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Inside Maze, A New Framework for Applied Reinforcement Learning

Inside Maze, A New Framework for Applied Reinforcement Learning

  • Maze supports scalable SOTA algorithms capable of handling multi-agent and hierarchical RL settings with dictionary action and observation spaces
Inside Maze, A New Framework for Applied Reinforcement Learning

Last month, enliteAI released Maze, a new framework for applied reinforcement learning (RL). enliteAI is a technology provider for artificial intelligence specialised in reinforcement learning and computer vision. 

(The source code of its latest framework is available on GitHub. Also, check out enliteAI’s ‘GettingStarted‘ notebooks to start experimenting with Maze.)

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According to enliteAI, Maze supports scalable state-of-the-art (SOTA) algorithms capable of handling multi-agent and hierarchical RL settings with dictionary action and observation spaces. It also helps build powerful perception learners with building blocks for graph-convolution, self-and graph attention, recurrent architectures, action and observation masking, and more. 

Plus, it offers support for complex workflows such as limitation learning from teacher policies and fine-tuning; customisable event logging; customisation of trainers, wrappers, environments, and other components; leverages best practices such as reward scaling, action masking, observation normalisation, KPI monitoring; and easy and flexible configuration. 

How is Maze different from other RL Frameworks? 

Compared to other RL frameworks that follow a more narrow approach by prioritising algorithms while building RL driven applications, Maze offers a command-line interface (CLI) and an application programming interface (API). It uses PyTorch for its network. 

Besides Maze, some notable RL frameworks include Panda Gym, Acme, DeeR, Dopamine, Frap, RLgraph, etc. 

enliteAI team talked about how every practical RL use case would be considerably more complex than CartPole-v0, which need to be debugged, behaviour recorded, and interpreted components configured and customised. Maze offers several features that support you in mitigating and resolving those problems. 

Some of them include:

  • Event-based logging system for recording and understanding agent’s behaviour in detail
  • Allows flexibility in how an environment is represented in the action and observation space
  • Based on Hydra, Maze enables users to quickly change the agent and environment composition without changing a single line of code

The team added that Maze is entirely independent of other RL frameworks. For example, in RLIib, agents can be trained with RLLib’s algorithm implementations while operating within Maze. 

Maze design principles 

enliteAI team mentioned it is being used in applied and practical RL framework, supporting users in developing RL solutions to real-world problems. This includes supply chain management, design optimisations, chip design, games, and others.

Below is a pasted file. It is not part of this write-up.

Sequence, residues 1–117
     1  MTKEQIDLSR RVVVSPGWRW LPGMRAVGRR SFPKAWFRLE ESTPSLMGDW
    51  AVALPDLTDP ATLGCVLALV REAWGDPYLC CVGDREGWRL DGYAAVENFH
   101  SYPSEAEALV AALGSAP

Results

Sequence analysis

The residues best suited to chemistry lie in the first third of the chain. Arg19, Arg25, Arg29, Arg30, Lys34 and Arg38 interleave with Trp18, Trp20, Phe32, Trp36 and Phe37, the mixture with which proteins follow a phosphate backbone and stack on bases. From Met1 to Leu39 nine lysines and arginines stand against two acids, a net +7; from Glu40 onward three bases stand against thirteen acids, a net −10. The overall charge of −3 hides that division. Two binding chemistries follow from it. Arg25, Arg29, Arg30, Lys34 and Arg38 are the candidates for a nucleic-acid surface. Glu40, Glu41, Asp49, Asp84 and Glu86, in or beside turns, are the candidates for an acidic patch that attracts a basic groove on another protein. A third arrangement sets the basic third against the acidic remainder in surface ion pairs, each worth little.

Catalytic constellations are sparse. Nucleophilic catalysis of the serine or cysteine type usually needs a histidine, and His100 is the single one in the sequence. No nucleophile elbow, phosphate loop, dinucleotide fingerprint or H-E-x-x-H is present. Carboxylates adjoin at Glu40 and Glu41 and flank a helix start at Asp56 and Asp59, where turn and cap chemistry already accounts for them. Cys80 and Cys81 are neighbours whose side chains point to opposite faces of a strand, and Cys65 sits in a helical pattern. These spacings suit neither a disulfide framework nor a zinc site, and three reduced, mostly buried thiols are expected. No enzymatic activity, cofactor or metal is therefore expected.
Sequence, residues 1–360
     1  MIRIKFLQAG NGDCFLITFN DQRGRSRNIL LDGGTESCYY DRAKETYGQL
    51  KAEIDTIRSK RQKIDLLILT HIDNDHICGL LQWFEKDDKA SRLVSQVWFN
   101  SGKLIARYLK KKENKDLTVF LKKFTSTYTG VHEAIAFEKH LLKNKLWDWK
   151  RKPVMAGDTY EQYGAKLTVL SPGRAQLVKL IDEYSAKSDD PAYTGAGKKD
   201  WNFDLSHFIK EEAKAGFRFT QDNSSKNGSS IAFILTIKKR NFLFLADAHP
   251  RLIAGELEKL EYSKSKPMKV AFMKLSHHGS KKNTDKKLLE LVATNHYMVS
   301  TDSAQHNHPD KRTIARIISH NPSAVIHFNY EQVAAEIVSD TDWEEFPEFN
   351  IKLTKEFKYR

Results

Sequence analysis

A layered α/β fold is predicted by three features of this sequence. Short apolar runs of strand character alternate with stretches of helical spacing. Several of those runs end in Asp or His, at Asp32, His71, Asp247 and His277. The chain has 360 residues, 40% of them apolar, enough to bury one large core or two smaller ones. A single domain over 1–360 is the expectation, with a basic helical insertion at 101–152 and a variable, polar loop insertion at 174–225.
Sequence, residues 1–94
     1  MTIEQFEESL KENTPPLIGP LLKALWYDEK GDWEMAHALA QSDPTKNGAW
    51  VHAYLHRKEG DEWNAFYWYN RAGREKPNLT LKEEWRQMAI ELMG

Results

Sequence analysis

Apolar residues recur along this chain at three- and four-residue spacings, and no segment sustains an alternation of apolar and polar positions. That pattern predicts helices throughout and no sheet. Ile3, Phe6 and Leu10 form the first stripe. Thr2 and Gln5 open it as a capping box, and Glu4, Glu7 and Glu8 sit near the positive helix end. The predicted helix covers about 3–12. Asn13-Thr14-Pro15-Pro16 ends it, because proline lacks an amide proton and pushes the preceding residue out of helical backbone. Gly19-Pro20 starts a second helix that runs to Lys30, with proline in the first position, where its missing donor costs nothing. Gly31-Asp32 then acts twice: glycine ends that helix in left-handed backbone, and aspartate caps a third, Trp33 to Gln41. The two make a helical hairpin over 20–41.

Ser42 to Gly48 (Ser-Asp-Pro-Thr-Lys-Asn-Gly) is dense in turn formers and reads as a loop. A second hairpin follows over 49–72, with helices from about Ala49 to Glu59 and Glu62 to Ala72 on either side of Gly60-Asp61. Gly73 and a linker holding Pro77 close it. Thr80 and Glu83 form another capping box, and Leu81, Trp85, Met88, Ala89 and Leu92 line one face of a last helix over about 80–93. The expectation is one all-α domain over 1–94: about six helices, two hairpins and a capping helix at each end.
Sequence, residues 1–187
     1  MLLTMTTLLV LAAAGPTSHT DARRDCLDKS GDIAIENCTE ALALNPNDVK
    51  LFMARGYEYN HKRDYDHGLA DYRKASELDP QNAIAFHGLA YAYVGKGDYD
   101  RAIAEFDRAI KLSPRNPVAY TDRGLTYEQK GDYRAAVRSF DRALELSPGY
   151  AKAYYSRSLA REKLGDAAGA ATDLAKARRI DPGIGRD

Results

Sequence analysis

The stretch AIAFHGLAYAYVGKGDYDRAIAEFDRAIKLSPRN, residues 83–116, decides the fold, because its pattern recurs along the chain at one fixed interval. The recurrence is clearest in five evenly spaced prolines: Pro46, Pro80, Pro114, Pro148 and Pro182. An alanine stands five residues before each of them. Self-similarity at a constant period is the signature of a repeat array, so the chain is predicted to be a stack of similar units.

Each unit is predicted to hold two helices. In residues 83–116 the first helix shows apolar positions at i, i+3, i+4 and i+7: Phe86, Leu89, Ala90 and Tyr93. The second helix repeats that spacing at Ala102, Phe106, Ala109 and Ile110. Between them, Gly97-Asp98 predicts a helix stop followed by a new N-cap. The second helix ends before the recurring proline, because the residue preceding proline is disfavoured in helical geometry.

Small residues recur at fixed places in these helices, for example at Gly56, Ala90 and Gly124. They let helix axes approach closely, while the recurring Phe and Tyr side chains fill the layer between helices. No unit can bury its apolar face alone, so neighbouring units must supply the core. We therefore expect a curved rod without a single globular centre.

Ensuring best results, enliteAI follows guiding principles and best software engineering practices in up-to-date documentation, testing, hyperparameters, code quality, usability, reproducibility, and customizability.

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In terms of supported algorithms, enliteAI aims to include SOTA, scalable, and practically relevant algorithms. Currently, Maze supports the following algorithms: A2C, PPO, Impala, SAC, behavioural cloning, and evolutionary strategies. Soon, it plans to include SACID, AlphaZero, and MuZero. In addition to this, Maze offers support for advanced training workflows like imitation learning from teacher policies and policy fine-tuning. 

Supported algorithms (Source: enliteAI)

Use cases 

enliteAI said it takes minimal code setup to get Maze up and to run. For instance, at the ‘learning to run a power network’ (L2RPN) challenge, a specified power grid has to be kept running by avoiding blackouts. The team re-implemented last year’s winning solution with Maze. (Check out the code on GitHub.) 

Besides this, the team has utilised Maze to optimise the stock replenishment process for the steel producer voestalpine. However, the source code of this project is not available as it is not open-source. “More open-source projects are in our pipeline and will be announced shortly,” said the enliteAI team. 

Conclusion 

With Maze, enliteAI looks to enable AI-based optimisation for a wide range of industrial decision processes and make RL as a technology accessible to industry and developers. It aims to cover RL applications’ complete development life cycle, ranging from simulation engineering up to agent development, training, and deployment. “We hope that Maze is as useful to others as it is to us and look forward to seeing what the RL community at large will build with it,” concluded team enliteAI.  

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